A little bit street

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The joy of having a discreet camera cannot be under estimated when you want to shoot in an urban or city surrounding. I found that shooting with the Olympus PEN-F and it’s little pancake Zuiko 14-42mm/f3.5-5.6 EZ lens was just a joy.

Being able to control the output and filtration of the images whilst shooting is a bonus of the customisable options on the PEN-F which meant I was able to adjust each image at the time of shooting without it being a distraction from the image taking process.

I’m still convinced by the output of the in-camera jpegs in quite the same way as I was with the Fujifilm ACROS setting that I wrote about previously, but I think there is more scope of customisation with the Olympus system and so I just have to experiment.

The image quality from the smaller sensor, being micro 4/3rds rather than APS-C does not seem to make any significant difference to the images produced when viewed on my 5K monitor even at 100% and I do not anticipate any issues with printing the images to seriously large sizes. As I have said before, everything has its limitations and you just work around them. I’ve shot and printed from much smaller sensors and with many fewer megapixels in the past.

The PEN-F actively encourages you to go outside of your comfort zone and try new things, and that just has to be good for creativity.

For more images from this visit to Elgin, please visit my dedicated blog site

 

 

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Olympus PEN-f: In-camera JPEG vs Processed RAW

As you’ll know if you follow my blog, I recently switched from the Fujifilm X series to the Olympus 3/rd system, moving from the XT-2 to the PEN-F.

The Fujifilm system is renowned for the quality of its in camera Jpegs, and I have written on the subject in relation to social media client use, and to using the ACROS setting in my blog. So, logically, I wanted to see if the jpeg output from the Olympus PEN-F would be as good. In order to do this, I shot a whole day on the Mono 1 setting for my Superfine Jpegs (its a hidden menu option, more on that here), but also saving the raw files. I then processed the Raw images in Adobe Lightroom (LR) as this is the most common development program.

My Mono 1 settings are for +1 contrast and +1 sharpness, with added fine grain because I like the film effects, as you’ll know from my ACROS usage on the XT-2. Raw files were processed to add +30 up to +50 sharpness, and to change the profile to Camera Mono so that they would end up, in theory, as similar to the Superfine jpeg in tone etc. I wanted to see how much is lost with the in-camera process to jpeg compared with the, probably superior, LR process of the raw file. The results are quite interesting:

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Processed Raw (highlights pulled back by -50)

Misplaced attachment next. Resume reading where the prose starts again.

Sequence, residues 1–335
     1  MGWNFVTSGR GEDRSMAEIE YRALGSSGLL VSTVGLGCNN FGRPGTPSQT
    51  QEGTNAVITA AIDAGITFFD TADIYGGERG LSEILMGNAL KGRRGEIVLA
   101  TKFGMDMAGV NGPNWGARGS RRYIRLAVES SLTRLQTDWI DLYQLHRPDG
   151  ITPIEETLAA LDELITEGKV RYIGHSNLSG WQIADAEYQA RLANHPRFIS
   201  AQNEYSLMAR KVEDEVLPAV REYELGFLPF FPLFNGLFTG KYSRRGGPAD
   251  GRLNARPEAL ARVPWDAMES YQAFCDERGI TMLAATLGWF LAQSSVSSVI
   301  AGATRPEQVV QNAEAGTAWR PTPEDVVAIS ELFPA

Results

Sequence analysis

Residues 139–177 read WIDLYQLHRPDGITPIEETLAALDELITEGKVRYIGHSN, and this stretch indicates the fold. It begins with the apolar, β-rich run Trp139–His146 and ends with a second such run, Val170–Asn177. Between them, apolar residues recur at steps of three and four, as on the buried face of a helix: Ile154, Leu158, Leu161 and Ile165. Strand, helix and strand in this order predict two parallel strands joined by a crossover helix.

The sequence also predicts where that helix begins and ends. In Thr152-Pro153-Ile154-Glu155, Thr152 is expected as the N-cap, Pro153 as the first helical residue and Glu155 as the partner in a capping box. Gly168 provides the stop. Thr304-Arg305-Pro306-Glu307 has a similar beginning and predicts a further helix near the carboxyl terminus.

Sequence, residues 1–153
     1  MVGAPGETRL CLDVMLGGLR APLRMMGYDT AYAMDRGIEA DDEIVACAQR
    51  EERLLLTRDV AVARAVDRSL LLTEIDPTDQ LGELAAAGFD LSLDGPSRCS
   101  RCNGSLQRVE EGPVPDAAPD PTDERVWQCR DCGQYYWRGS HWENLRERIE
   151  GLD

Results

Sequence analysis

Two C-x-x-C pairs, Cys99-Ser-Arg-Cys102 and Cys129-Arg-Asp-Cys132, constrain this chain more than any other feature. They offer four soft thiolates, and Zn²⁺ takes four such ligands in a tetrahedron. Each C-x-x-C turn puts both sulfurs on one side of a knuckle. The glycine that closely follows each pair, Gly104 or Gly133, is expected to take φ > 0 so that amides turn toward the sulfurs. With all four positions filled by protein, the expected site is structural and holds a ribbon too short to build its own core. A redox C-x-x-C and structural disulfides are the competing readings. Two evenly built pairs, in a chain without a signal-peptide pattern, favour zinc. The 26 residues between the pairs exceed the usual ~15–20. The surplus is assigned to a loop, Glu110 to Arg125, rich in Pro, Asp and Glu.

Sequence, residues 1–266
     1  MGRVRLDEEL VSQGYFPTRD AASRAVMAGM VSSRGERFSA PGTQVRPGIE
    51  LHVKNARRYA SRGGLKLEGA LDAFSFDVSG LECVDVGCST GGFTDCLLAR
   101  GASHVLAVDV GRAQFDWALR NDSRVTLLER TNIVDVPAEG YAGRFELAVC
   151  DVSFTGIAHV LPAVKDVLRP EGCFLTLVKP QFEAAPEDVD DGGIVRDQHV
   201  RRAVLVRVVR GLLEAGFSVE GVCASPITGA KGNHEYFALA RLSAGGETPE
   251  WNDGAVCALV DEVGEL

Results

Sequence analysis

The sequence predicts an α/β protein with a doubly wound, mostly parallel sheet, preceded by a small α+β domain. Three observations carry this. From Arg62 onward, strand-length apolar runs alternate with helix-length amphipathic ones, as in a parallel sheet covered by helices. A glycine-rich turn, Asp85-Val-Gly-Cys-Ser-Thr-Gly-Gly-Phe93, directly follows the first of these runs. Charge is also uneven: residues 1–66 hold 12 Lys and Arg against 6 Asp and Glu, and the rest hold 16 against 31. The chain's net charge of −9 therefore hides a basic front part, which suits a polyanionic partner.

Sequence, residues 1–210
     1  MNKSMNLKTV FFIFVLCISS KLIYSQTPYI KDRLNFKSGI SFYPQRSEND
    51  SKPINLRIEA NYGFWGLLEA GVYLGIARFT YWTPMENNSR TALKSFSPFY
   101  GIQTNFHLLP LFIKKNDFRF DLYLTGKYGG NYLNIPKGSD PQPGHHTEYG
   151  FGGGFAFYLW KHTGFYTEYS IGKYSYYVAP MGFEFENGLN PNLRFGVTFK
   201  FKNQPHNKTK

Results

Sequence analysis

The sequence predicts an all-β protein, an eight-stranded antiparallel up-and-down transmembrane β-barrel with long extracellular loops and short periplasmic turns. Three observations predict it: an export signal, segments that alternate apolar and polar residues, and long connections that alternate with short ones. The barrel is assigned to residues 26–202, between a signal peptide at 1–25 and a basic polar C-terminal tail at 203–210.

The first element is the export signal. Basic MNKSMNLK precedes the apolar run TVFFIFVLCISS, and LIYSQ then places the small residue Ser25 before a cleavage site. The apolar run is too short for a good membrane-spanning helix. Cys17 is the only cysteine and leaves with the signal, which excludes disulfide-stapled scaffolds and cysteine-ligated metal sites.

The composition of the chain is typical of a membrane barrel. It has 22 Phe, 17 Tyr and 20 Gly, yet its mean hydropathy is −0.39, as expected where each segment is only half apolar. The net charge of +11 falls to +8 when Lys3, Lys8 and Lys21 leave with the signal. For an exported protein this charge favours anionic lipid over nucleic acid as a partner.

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In-camera jpeg
This is the most telling shot of all and the one I looked at first on my Mac. It was this pictures that made me decided to process the raws to monochrome and to provide this series of comparison images. As you can see, I was able to recover the blown highlights on the back of the white pony from the RAW, but the jpeg continues to look slightly ‘sharper’. This may be raised mid-tones, increased sharpening, I am not sure at this stage, but the result is definitely interesting and supports the use of Raw in many situations.

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In-camera jpeg

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Processed Raw
With this shot, I could again pull back the highlights of the image generally, which would suggest that I considered shooting with some negative exposure compensation or reduced the set construct amount from my +1 setting back to 0. In Raw processing I was also able to add a false graduated filter to the sky to increase significantly the cloud detail in the sky to create a more balanced image. This would suggest that I should have used a ND Graduated filter at the time of shooting, if I wanted to use the Jpeg. Adding a false filter in LR afterwards wasn’t an option as it increased the noise in the image and made the grain more noticeable in the sky than the rest of the image in an unpleasant way.

Again, the Raw image wins for post production abilities as we would expect. But importantly it also shows us what could have been achieved in-camera with a little more thought perhaps at the time, and using the correct filtration.

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In-camera jpeg

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Processed Raw
With this image, taken from the same spot, there is very little to notice between them at all. I have corrected the verticals in the Processed image but not in the jpeg and I did this so I could easily tell them apart once posted into this blog and I could no longer see the filenames. That is a reflection on how close they are. If anything, I prefer the in-camera jpeg on this occasion, and would correct the verticals for use. I think it appears slightly sharper and there is more detail in the sky.  It is strange, because although they were taken just minutes apart and from the same place, the sky recovery from the previous shot was better in the raw image processing and the in-camer jpeg would not have been my choice.

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In-camera jpeg (15.4MB)

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Processed Raw (unprocessed 20.2MB)